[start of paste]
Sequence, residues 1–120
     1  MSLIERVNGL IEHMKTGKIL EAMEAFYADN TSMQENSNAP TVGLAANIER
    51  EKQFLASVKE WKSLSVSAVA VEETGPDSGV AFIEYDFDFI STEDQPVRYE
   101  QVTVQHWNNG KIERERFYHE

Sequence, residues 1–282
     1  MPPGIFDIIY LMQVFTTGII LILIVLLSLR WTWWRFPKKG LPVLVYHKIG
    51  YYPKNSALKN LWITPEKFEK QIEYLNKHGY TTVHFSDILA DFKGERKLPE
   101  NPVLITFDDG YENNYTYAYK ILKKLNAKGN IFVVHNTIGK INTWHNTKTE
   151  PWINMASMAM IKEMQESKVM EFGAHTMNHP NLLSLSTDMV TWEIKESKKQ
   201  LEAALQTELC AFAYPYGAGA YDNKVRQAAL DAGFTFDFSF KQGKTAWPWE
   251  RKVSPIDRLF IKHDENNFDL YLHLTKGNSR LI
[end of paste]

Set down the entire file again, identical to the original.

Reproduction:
Sequence, residues 1–120
     1  MSLIERVNGL IEHMKTGKIL EAMEAFYADN TSMQENSNAP TVGLAANIER
    51  EKQFLASVKE WKSLSVSAVA VEETGPDSGV AFIEYDFDFI STEDQPVRYE
   101  QVTVQHWNNG KIERERFYHE

Sequence, residues 1–282
     1  MPPGIFDIIY LMQVFTTGII LILIVLLSLR WTWWRFPKKG LPVLVYHKIG
    51  YYPKNSALKN LWITPEKFEK QIEYLNKHGY TTVHFSDILA DFKGERKLPE
   101  NPVLITFDDG YENNYTYAYK ILKKLNAKGN IFVVHNTIGK INTWHNTKTE
   151  PWINMASMAM IKEMQESKVM EFGAHTMNHP NLLSLSTDMV TWEIKESKKQ
   201  LEAALQTELC AFAYPYGAGA YDNKVRQAAL DAGFTFDFSF KQGKTAWPWE
   251  RKVSPIDRLF IKHDENNFDL YLHLTKGNSR LI